Health Canada is informing the public of the potential risk of serious birth defects in babies born to women treated with dolutegravir. Dolutegravir is a medication used to treat HIV infection.
Dolutegravir is sold under the brand name Tivicay, and as a fixed dose combination tablet with other HIV medicines under the brand names Juluca and Triumeq.
Preliminary results (4 cases) from an ongoing study in Botswana suggest a possible increased risk of neural tube defects in babies born to women who became pregnant while taking dolutegravir. Neural tube defects are defects that occur when the spinal cord, brain, and related structures do not form properly.
While Health Canada is not aware of any Canadian cases of infants born with birth defects to women using dolutegravir, the Department and the manufacturer will continue to monitor the results of the Botswana study and take appropriate action, if necessary. If there is any new safety information, Health Canada will update Canadians, including health professionals, as required.
Given the potential risk of serious birth defects, Health Canada advises patients to discuss any questions or concerns about the use of dolutegravir with their healthcare professional.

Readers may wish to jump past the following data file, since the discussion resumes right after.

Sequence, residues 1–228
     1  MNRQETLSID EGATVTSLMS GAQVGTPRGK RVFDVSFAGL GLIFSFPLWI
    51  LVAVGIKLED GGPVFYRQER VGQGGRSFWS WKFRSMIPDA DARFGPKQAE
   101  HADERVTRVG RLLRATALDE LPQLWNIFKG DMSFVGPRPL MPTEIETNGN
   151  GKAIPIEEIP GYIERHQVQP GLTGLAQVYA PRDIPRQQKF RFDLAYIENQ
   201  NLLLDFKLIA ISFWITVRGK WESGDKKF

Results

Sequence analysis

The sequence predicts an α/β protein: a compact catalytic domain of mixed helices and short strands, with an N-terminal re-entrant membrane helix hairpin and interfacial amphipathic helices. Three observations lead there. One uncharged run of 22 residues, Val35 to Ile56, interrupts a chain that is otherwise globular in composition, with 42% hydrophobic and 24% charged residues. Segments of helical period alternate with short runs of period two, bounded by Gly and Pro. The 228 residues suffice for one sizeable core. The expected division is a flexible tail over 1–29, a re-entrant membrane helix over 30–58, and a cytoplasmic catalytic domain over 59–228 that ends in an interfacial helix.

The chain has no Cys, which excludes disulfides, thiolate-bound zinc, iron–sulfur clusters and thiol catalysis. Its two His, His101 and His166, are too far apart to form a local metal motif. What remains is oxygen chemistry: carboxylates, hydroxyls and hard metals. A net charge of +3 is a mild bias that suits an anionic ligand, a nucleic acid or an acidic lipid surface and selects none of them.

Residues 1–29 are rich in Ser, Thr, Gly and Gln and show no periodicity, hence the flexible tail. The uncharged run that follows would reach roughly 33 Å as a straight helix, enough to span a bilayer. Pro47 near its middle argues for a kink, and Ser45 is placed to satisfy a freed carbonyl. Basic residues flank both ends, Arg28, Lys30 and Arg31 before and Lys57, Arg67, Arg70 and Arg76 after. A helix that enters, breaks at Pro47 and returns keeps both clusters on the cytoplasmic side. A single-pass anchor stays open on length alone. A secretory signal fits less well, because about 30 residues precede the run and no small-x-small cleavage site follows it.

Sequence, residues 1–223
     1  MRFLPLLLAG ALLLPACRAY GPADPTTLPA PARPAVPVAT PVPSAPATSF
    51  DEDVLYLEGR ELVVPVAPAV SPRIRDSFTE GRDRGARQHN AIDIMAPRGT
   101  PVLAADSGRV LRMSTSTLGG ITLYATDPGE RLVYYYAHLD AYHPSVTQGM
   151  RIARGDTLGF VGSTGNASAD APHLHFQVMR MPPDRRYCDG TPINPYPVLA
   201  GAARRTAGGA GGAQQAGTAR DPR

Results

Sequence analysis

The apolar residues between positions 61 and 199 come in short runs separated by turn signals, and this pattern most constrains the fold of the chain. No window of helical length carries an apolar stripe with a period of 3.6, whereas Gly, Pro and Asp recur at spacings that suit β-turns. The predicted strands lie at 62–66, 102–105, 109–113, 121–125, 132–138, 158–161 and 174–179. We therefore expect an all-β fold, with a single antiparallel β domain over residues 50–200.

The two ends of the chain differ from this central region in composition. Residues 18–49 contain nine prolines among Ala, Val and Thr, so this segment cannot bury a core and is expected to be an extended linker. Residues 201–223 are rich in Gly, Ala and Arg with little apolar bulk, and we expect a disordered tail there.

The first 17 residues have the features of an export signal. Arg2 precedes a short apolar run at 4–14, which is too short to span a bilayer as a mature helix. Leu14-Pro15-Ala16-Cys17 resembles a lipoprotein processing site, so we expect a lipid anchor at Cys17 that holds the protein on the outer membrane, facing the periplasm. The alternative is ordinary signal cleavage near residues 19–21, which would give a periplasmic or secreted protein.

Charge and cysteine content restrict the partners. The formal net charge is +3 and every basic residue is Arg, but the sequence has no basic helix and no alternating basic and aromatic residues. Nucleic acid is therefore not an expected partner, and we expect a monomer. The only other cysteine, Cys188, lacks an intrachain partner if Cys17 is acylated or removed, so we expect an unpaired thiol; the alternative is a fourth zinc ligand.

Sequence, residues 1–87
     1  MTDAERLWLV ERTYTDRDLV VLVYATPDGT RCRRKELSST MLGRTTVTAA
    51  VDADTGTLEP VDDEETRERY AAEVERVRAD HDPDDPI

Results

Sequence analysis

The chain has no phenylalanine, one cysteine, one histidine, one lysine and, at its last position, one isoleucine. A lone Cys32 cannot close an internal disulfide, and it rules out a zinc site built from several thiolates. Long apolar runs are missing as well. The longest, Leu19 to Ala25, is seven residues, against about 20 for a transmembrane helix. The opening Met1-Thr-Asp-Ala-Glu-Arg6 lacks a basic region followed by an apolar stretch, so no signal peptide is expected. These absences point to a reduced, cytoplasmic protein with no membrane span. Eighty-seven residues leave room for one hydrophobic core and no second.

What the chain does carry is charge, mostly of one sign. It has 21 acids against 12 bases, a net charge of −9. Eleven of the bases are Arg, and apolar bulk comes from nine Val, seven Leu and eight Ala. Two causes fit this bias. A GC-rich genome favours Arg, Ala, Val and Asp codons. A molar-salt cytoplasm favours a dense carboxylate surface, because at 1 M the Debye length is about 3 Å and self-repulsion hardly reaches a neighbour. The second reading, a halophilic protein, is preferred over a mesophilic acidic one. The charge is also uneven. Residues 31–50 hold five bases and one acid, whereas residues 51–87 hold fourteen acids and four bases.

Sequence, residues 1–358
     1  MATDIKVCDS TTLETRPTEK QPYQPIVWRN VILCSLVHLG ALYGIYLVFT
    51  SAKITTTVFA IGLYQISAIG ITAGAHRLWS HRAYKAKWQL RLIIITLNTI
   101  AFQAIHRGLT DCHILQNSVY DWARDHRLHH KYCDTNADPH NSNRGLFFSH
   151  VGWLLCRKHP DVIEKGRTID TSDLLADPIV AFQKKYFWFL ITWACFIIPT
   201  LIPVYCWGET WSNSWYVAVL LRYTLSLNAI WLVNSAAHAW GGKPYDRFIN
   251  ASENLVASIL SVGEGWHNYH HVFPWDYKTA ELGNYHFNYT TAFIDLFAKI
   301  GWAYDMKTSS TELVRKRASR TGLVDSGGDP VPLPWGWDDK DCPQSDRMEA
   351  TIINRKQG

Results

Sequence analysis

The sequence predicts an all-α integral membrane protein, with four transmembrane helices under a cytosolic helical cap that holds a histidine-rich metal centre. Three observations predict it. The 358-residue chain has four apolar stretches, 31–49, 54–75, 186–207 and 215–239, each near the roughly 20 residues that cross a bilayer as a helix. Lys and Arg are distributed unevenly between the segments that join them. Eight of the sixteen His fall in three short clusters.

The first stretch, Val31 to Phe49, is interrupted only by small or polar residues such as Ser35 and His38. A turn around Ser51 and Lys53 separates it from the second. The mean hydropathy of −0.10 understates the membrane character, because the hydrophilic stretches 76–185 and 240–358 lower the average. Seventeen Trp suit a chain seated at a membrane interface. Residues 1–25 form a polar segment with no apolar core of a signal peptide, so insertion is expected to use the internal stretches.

Serious cases of neural tube defects have been reported in the Botswana study in about 1% of babies born to women taking dolutegravir when they conceived. Patients using dolutegravir should not stop taking it without first talking to their health care professional, as this can cause the HIV infection to worsen. Women planning to become pregnant and taking dolutegravir should discuss treatment options with their doctor before becoming pregnant. Women taking dolutegravir should avoid getting pregnant and should use effective contraception. Women who become pregnant while taking dolutegravir should consult with their health care professional right away.
Industry professionals are advised to avoid prescribing dolutegravir to women who are trying to become pregnant unless a suitable alternative is not available.
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